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Palin should follow Gingrich's advice -- and so should Newt

By Ed Rollins, CNN Senior Political Contributor
Former Alaska Gov. Sarah Palin campaigns in October 2010 for a Republican candidate for U.S. Senate.
Former Alaska Gov. Sarah Palin campaigns in October 2010 for a Republican candidate for U.S. Senate.
  • Sarah Palin says she's not going to "sit down or shut up"
  • Ed Rollins says Palin's critics are attacking her statement on Tucson shootings
  • He says he agrees with Newt Gingrich's advice that Palin take more care with her comments
  • Rollins says Palin, Gingrich likely to attract much of early attention for 2012 GOP nomination

Editor's note: Ed Rollins, a senior political contributor for CNN, is senior presidential fellow at the Kalikow Center for the Study of the American Presidency at Hofstra University. He is a principal with the Dilenschneider Group, a global public relations firm. He was White House political director for President Ronald Reagan and chairman of the National Republican Congressional Committee.

New York (CNN) -- Sarah Palin made it clear Monday in an interview on Fox's Sean Hannity show that she is not going to "sit down or shut up."

I don't think most Americans care whether she is standing or sitting, but many would like her to just "shut up." Even some Republicans would like her to stay in the wilderness with her newly earned riches and live happily ever after with her handsome and rugged husband, Todd, and her kids.

It isn't going to happen.

John McCain's selection of Palin in 2008 as his GOP running mate, after a 15-minute interview, launched her into the political stratosphere, where she now reigns as the most colorful and widely watched political figure in the country next to President Barack Obama. Even former U.S. House Speaker Nancy Pelosi, the most polarizing figure in the 2010 elections, is now reduced to a secondary role.

While Arizona's Sen. McCain struggles to be relevant, his former running mate, without holding office or portfolio, continues to dominate news stories whenever she chooses to post on Facebook, tweet or appear on television.

Her it's-all-about-me performance after the shootings in Tucson, Arizona, forced her critics to hyperventilate and pronounce her future prospects as a presidential contender dead on arrival. In spite of her incendiary remarks about "blood libel," which were assailed by her critics, the pronouncement of her political demise might be a little premature.

She says, "They're not going to shut me up." And I don't think they should.

Palin, like all citizens, has the right to express her thoughts and her opinions. Some will cheer her on, and some will be appalled by what she says.

I would argue that she needs to be careful with her words and needs to get more sophisticated in how she deals with the public and the media.

Former Speaker Newt Gingrich, himself a possible candidate for president, offered the following sage advice to the former governor of Alaska: "Slow down." He said Palin should "be more careful and think through what she's saying and how she's saying it."

Newt didn't always practice what he now preaches, and he paid a heavy price for some of his past words and actions. Always brilliant and a tireless political warrior, he has now become an elder statesman of the party and has somewhat rehabbed his tarnished reputation.

He will begin the presidential contest on the Republican side with a strong organization capable of serious fundraising and building a political grass-roots network that's second to none.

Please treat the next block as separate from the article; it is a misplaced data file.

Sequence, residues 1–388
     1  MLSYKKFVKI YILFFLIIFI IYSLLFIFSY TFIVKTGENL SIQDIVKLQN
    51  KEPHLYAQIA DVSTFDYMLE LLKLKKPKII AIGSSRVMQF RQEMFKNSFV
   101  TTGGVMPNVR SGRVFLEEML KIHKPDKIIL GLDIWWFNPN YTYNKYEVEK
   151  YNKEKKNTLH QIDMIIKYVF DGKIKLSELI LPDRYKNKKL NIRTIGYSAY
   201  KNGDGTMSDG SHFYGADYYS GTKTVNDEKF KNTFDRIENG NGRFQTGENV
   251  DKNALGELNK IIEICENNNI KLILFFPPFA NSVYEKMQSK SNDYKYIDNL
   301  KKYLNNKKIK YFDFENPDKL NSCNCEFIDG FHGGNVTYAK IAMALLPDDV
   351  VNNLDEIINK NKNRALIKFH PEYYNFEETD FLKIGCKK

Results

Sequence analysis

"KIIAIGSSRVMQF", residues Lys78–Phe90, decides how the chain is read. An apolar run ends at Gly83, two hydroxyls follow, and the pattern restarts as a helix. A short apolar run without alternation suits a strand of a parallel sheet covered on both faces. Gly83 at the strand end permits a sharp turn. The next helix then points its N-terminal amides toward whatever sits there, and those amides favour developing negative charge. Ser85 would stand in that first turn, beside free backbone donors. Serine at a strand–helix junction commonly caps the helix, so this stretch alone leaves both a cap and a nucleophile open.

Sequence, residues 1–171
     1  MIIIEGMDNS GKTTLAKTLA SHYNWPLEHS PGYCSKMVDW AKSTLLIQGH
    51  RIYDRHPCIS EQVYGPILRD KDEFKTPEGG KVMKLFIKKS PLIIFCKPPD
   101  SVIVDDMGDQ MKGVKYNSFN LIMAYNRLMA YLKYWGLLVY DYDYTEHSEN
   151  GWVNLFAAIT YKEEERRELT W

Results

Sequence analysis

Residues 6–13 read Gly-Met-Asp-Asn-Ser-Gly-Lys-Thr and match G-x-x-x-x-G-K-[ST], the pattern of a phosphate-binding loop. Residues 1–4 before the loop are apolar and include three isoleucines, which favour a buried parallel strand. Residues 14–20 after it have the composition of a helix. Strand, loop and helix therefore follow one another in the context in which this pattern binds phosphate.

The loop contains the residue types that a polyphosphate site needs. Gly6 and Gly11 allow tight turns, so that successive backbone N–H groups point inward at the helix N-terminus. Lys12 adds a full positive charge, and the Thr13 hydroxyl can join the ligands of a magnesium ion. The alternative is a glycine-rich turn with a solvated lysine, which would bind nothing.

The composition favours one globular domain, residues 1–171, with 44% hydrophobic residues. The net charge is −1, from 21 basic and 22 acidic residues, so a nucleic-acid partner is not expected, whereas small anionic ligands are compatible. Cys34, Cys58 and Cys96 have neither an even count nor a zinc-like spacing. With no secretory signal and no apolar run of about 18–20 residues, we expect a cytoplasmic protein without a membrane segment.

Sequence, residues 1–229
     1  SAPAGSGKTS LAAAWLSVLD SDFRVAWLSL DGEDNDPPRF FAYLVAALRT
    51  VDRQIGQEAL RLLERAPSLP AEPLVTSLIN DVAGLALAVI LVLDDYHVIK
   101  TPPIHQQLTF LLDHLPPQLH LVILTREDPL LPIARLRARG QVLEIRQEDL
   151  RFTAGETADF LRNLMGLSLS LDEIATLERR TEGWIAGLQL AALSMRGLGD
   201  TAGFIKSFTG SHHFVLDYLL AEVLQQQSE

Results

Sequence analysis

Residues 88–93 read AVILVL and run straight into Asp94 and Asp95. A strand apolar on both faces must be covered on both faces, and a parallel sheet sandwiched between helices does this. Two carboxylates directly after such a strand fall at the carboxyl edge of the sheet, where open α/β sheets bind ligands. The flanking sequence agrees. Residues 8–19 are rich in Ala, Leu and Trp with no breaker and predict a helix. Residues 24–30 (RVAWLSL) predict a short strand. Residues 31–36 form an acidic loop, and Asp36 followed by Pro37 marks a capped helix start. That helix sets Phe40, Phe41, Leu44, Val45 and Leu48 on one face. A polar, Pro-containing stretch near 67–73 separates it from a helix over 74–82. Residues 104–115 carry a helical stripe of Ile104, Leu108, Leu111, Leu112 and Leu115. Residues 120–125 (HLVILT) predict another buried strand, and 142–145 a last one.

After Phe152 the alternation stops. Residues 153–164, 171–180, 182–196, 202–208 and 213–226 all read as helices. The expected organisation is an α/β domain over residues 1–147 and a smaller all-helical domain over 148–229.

His team has some of the savviest communication experts around, and Newt understands the role of the message as well as that of being one of the party's foremost messengers. Palin at this point has none of that.

Her principal adviser is her husband, and she has no press operation other then her Facebook pronouncements and occasional Fox television appearances.

In the coming year as the race for the Republican nomination for 2012 begins, the news media and the political world will be focused on the "formers" -- former Speaker Gingrich and former Gov. Palin. The other major candidates for president are not anxious to begin the battle, with the possible exceptions of former Govs. Mitt Romney and Tim Pawlenty.

The new Republican Party chairman, Reince Priebus, is an unknown and doesn't see himself as the talk show type. That leaves Speaker John Boehner and Senate Republican Leader Mitch McConnell to speak for the party, as they should. But neither will be the media star that the news media will look to focus on in the coming months.

That brings us back to Sarah Palin and Newt Gingrich.

Loved and hated, but unable to be ignored, both are going to be front and center until a Republican nominee is chosen. And of course one of them could emerge and be that person. I don't think so, but that's just my opinion. In the meantime, both have a responsibility to be accurate and thought-provoking.

Palin needs to better appreciate what her role as a major voice for the right and the Tea Party means. She needs to staff up and listen to some pros who know the game.

Newt needs to prove that the new Newt has learned the lessons of the past and to be a constructive force to make sure the new Republican majority in the House doesn't make the same mistakes the old majority did.

Most smart analysts don't see either one emerging as the Republican nominee, but they will certainly draw a lot of attention, and neither is going to go "gentle into that good night."

After all, the smart guys aren't always right when it comes to predicting who voters will pick. Just look at President Jimmy Carter, President Ronald Reagan and of course President Obama -- all three guys who weren't thought to be winners by the D.C. wise men.

The opinions expressed in this commentary are solely those of Ed Rollins.